Secure your trash cans! Bear spotted at Nags Head Woods

A black bear at Alligator River National Wildlife Refuge. [Refuge photo]

A black bear has been spotted in the less populated areas of Nags Head Woods the past couple weeks, prompting a warning from the N.C. Wildlife Resources Commission: Secure your trash cans!

Bear foot prints were first spotted a week ago and the bear was seen last night, said Wildlife Resources Commission Officer Anna Barbosa. The bear, or bears, haven’t been seen in any neighborhoods yet — and wildlife officials hope to keep it that way.

Barbosa said the commission wants to “educate the public in that area about securing any potential food sources, such as trash cans, pet food, and bird feeders that may encourage this bear to stick around.”

Dare County has a very robust population of black bears with the Alligator River National Wildlife Refuge bear sanctuary nearby, and it’s not unusual for bears to swim across the sound.

In May 2018, a black bear was spotted ambling around the Town of Duck, munching on garbage from trash cans, but he quickly moved on. Earlier this spring, there were reports of another bear on the beach at Cape Lookout National Seashore.

Barbosa said there’s no cause for concern with our latest bear visitor, “we just want to make sure he’s not getting easy food sources.”

The commission offers the following tips for how to handle interactions with bears:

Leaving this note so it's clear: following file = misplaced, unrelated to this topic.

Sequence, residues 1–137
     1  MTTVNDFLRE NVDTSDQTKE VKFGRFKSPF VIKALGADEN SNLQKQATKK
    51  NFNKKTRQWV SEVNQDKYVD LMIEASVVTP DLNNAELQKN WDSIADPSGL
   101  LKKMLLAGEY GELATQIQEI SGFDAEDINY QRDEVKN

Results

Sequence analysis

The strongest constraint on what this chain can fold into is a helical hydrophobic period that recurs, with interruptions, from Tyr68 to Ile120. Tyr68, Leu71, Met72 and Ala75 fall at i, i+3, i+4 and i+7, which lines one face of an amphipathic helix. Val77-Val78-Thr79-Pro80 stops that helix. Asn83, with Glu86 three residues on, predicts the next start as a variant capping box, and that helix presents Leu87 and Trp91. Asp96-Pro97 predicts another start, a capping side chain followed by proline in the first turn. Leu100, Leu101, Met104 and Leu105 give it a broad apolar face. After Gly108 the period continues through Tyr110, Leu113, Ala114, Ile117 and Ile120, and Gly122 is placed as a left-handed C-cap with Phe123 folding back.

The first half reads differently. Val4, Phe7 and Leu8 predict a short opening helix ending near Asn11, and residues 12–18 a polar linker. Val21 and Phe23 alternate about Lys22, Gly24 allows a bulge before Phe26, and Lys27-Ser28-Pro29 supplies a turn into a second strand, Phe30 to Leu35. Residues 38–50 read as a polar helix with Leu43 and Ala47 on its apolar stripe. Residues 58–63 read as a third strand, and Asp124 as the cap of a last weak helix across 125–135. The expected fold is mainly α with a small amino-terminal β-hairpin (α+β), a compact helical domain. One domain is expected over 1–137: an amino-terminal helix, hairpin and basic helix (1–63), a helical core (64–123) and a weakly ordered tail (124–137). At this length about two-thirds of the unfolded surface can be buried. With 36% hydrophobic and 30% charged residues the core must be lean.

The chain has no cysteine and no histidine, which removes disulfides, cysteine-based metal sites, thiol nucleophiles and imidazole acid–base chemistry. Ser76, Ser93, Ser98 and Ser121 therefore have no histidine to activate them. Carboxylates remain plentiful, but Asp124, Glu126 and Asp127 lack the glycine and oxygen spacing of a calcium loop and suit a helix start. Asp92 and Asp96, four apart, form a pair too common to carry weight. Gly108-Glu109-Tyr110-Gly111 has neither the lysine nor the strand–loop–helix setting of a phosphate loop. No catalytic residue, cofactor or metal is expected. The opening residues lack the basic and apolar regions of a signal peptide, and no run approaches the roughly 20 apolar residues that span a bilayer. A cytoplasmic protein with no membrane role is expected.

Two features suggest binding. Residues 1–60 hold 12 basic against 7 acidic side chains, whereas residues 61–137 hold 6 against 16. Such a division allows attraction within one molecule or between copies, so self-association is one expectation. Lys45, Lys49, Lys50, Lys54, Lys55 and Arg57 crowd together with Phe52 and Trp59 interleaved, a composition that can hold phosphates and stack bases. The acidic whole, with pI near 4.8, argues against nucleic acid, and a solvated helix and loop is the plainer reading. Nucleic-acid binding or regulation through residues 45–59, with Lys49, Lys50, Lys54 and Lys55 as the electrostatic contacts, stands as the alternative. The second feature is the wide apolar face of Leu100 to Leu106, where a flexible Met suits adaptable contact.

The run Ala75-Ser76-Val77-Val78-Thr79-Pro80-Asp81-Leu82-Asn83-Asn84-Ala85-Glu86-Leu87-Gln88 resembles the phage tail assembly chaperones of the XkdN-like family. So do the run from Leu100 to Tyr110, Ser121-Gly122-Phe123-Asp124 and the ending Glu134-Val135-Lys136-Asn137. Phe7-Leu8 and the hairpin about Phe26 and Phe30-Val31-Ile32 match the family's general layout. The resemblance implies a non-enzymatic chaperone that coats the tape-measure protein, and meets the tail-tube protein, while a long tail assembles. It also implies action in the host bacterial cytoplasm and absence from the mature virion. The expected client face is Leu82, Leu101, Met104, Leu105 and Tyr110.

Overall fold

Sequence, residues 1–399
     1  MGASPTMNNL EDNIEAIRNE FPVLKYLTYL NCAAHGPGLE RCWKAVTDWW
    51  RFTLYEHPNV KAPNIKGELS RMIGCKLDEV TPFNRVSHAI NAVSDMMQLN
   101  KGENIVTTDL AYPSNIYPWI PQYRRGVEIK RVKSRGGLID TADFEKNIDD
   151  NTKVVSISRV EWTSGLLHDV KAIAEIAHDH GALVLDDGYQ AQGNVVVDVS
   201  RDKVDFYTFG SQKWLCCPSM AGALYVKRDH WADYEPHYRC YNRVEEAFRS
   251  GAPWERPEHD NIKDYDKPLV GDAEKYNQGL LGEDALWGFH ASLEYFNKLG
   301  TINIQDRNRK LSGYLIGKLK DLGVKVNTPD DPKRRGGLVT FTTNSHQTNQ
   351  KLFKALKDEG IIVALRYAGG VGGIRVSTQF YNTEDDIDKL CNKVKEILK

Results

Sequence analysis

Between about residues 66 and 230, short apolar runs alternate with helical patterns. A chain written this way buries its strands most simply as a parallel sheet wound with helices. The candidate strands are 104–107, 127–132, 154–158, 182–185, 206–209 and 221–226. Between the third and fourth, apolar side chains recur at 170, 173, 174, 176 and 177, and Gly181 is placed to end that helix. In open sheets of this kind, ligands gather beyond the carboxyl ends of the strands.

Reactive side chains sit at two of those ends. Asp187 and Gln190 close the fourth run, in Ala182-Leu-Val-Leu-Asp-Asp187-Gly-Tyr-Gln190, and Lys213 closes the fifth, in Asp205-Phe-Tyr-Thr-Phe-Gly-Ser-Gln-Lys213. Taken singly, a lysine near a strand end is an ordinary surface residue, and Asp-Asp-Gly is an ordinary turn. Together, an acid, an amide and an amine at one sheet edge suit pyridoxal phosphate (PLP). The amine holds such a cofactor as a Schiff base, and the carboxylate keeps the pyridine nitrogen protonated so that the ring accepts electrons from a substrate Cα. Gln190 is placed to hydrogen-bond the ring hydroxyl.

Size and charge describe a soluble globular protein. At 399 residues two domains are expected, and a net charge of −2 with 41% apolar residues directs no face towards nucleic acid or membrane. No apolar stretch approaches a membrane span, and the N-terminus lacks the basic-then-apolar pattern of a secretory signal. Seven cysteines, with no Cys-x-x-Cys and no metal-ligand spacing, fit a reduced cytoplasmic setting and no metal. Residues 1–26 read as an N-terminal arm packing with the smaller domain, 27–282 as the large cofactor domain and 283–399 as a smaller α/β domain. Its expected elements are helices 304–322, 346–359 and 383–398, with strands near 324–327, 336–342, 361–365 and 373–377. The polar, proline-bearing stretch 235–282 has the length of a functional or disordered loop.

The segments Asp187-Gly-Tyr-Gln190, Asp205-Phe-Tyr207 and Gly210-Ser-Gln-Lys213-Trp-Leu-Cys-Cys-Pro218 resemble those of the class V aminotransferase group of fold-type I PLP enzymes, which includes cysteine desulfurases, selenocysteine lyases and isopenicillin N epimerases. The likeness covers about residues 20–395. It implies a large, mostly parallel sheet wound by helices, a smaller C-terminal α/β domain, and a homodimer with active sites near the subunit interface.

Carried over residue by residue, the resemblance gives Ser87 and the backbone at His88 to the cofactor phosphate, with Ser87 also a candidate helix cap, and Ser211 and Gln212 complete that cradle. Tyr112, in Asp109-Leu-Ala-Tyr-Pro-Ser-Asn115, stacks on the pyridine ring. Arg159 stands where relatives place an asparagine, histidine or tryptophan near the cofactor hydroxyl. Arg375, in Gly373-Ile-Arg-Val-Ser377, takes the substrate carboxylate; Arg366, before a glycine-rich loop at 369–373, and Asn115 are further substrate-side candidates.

NEVER FEED OR APPROACH BEARS. Feeding bears (intentionally or unintentionally) trains them to approach homes and people for more food. Bears will defend themselves if a person gets too close, so don’t risk your safety and theirs!

SECURE FOOD, GARBAGE AND RECYCLING. Food and food odors attract bears so don’t reward them with easily available food or garbage.

REMOVE BIRD FEEDERS WHEN BEARS ARE ACTIVE. Birdseed and other grains have a high calorie content making them very attractive to bears. The best way to avoid conflicts with bears is to remove feeders.

NEVER LEAVE PET FOOD OUT. Feed outdoor pets portion sizes that will be completely eaten during each meal and remove leftover food and food bowl. Securely store these foods so nothing is available to bears.

CLEAN AND STORE GRILLS. After you use an outdoor grill, clean it thoroughly and make sure that all grease and fat is removed. Store cleaned grills and smokers in a secure area that keeps bears out.

LET NEIGHBORS KNOW. Share news with your friends and neighbors about recent bear activity and how to avoid bear conflicts. Bears have adapted to living near people; are you willing to adapt to living near bears?

For more information about eastern North Carolina’s black bears, see the following links:

https://www.ncwildlife.org/Have-A-Problem

https://www.ncwildlife.org/Learning/Species/Mammals/Black-Bear

https://www.ncwildlife.org/Learning/Species/Mammals/Black-Bear#2498425-have-a-problem-brbr

https://bearwise.org/

This story originally appeared on OBXToday.com. Read More local stories here.

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